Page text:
Cloud chemistry measurements and estimates of acidic deposition on an above cloudbase coniferous forest

V. K. Saxena, N. H. Lin

Research output: Contribution to journalArticlepeer-review

88 Scopus citations

Abstract

The wet, dry and cloud water deposition of acidic substances on the forest canopy are considered as major mechanisms for pollutant induced forest decline at high elevations. Direct cloud capture plays a predominant role of intercepting acidic substances in above cloud-base forests. We conducted a field study at Mt. Mitchell, North Carolina (35°44′05″N, 82°17′15″W; 2038 m MSL)-the highest peak in the eastern U.S.-during May-September 1986 and 1987 in order to analyze the chemistry of clouds in which the red spruce and Fraser fir stands stay immersed. It was found that Mt. Mitchell was exposed to cloud episodes 71% of summer days, the cloud immersion time being 28% for 1986 (a record drought summer in southeastern U.S.) and 41% for 1987. Sulfate, NO3-, NH4+ and H+ ions were found to be the major constituents of the cloud water, which was collected atop a 16.5 m tall meteorological tower situated among 6-7 m tall Fraser fir trees. The initiation of precipitation in clouds invariably diluted the cloud water acidity. The cloud water pH during short episodes (8 h duration or less), which resulted from the orographic lifting mechanisms, was substantially lower than that during long episodes, which were associated with meso-scale and synoptic-scale disturbances. Sulfate accounted for 65% acidity in cloud water, on the average, and contributed 2-3 times more than the NO3-. Inferential micrometeorological models were used to determine deposition of SO42- and NO3- on the forest canopy and the hydrological input due to direct cloud capture mechanism. The cloud water deposition ranged between 32 and 55 cm a-1 in contrast to the bulk precipitation which was about 130 cm a-1 as measured by an on-site NADP (National Atmospheric Deposition Program) collector. For S compounds, wet, dry and cloud water deposition accounted for 19%, 11% and 70%, respectively for 1986, and 16%, 8% and 76%, respectively for 1987. For N compounds, dry deposition contributed 35% and 23% for 1986 and 1987, respectively, whereas, cloud water deposition contributed 50% and 65% for 1986 and 1987, respectively. Our estimates are compared with the reported literature values for the other sites.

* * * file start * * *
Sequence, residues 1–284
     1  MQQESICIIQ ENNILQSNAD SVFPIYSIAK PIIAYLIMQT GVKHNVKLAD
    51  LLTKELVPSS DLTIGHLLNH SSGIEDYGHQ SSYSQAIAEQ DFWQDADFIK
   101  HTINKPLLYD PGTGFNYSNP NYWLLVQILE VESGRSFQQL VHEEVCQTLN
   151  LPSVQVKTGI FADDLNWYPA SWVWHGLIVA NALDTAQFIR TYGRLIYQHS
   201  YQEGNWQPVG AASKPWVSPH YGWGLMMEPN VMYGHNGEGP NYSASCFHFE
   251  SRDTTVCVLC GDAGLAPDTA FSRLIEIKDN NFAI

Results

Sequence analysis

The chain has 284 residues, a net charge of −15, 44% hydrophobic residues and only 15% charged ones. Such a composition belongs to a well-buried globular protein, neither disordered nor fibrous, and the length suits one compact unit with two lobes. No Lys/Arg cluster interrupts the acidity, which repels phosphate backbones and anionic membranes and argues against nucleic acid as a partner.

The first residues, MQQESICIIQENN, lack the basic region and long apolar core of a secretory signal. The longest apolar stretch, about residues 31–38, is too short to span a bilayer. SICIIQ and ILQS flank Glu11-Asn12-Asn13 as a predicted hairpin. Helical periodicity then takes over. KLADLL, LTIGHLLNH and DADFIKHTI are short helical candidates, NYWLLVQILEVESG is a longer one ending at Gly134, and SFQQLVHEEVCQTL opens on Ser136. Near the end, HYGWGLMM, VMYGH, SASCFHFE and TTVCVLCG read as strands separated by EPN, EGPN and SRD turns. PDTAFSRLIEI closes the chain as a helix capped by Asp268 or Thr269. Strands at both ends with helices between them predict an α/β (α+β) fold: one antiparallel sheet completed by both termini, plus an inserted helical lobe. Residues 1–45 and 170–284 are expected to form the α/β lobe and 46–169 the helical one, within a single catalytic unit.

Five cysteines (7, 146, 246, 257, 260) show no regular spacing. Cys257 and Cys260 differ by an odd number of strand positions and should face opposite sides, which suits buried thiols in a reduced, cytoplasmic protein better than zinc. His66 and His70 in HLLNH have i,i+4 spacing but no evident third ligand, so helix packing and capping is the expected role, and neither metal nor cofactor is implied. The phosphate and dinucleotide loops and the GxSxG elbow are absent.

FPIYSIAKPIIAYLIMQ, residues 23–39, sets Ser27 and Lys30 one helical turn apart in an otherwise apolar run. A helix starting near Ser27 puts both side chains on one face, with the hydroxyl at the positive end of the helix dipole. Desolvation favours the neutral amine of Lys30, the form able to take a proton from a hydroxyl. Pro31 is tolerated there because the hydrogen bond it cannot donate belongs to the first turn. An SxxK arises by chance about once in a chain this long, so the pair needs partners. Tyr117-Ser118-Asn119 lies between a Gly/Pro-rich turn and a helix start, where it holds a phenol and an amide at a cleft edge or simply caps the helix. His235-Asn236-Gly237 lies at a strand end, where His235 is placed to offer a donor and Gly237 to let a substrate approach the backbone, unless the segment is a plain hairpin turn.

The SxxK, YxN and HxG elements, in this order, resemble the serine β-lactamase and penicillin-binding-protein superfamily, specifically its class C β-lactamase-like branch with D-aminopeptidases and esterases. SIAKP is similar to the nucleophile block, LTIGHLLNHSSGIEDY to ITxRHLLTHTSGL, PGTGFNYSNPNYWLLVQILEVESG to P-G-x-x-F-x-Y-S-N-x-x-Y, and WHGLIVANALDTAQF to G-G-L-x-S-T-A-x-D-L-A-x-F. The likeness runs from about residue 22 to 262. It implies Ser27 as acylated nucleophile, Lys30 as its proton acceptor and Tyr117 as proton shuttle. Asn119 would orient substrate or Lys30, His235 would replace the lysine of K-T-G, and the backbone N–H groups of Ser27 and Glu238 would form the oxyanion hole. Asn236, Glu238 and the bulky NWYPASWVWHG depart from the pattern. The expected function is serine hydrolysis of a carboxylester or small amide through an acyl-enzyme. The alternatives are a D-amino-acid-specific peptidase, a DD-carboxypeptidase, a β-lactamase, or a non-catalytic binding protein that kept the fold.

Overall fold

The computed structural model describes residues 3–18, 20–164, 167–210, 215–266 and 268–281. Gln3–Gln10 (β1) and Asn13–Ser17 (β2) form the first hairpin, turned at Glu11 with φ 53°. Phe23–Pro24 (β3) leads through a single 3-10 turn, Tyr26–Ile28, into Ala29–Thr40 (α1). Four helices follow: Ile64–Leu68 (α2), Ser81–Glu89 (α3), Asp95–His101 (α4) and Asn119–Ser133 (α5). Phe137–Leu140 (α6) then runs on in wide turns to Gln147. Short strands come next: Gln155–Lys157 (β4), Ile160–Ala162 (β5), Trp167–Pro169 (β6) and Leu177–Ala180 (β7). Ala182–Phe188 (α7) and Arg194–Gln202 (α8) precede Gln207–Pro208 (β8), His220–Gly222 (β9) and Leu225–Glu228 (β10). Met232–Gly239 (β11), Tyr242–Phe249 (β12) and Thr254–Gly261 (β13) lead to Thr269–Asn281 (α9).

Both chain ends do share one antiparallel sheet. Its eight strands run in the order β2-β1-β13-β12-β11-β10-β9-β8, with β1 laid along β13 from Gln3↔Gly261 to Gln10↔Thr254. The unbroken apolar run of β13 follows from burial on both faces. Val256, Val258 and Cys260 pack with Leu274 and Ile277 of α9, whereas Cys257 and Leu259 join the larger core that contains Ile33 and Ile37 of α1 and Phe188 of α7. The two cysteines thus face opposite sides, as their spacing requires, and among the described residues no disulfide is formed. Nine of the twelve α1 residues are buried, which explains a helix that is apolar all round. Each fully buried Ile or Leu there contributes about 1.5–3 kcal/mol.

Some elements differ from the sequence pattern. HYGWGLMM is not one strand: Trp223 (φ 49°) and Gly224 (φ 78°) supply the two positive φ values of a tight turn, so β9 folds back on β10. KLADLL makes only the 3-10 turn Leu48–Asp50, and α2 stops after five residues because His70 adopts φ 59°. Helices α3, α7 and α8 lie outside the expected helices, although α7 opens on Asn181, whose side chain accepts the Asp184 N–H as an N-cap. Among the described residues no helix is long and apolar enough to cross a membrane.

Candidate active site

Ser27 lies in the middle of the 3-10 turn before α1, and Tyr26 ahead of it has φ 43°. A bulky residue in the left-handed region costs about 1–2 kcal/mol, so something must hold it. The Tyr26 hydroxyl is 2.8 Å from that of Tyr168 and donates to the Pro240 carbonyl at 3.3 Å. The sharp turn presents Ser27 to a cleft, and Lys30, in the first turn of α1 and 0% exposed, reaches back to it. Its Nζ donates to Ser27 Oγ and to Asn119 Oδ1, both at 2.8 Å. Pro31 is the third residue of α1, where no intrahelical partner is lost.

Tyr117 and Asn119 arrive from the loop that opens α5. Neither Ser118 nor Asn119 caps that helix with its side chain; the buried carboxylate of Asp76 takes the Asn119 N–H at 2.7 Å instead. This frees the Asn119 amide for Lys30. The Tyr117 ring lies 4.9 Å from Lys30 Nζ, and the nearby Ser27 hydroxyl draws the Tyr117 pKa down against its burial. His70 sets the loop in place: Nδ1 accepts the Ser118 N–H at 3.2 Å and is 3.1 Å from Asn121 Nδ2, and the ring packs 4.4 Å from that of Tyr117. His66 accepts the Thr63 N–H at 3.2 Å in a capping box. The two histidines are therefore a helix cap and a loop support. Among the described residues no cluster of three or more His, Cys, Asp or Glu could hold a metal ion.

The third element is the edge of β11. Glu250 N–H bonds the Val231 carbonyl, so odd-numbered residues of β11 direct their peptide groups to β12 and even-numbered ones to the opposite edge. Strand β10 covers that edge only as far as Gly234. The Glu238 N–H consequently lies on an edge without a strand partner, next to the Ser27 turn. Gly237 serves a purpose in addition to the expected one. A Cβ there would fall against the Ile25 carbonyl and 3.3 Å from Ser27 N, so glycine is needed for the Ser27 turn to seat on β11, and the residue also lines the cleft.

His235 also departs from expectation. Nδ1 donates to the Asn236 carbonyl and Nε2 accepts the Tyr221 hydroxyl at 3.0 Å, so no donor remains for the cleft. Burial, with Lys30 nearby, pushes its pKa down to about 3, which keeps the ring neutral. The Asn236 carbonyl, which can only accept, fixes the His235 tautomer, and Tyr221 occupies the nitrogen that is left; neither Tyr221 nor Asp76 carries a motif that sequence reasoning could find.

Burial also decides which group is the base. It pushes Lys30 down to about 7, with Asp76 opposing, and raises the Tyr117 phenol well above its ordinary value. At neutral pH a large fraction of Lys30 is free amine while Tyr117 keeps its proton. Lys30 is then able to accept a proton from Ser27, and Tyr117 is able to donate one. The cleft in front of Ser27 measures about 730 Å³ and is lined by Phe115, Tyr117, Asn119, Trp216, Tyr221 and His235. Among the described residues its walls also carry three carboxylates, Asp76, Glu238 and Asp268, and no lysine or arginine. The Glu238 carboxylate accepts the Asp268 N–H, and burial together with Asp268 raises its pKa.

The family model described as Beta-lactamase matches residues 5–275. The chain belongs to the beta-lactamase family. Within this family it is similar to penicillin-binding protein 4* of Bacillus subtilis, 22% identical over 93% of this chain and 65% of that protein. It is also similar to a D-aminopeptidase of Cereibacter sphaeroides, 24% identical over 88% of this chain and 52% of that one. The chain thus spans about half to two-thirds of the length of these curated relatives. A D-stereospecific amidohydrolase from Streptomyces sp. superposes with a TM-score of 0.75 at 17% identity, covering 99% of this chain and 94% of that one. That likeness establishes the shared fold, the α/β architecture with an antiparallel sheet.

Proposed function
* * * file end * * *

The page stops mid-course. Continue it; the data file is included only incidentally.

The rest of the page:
Original languageEnglish
Pages (from-to)329-352
Number of pages24
JournalAtmospheric Environment Part A, General Topics
Volume24
Issue number2
DOIs
StatePublished - 1990

Keywords

  • cloud capture mechanism
  • cloud chemistry
  • cloud water acidity
  • coniferous forest
  • dry deposition
  • Wet deposition

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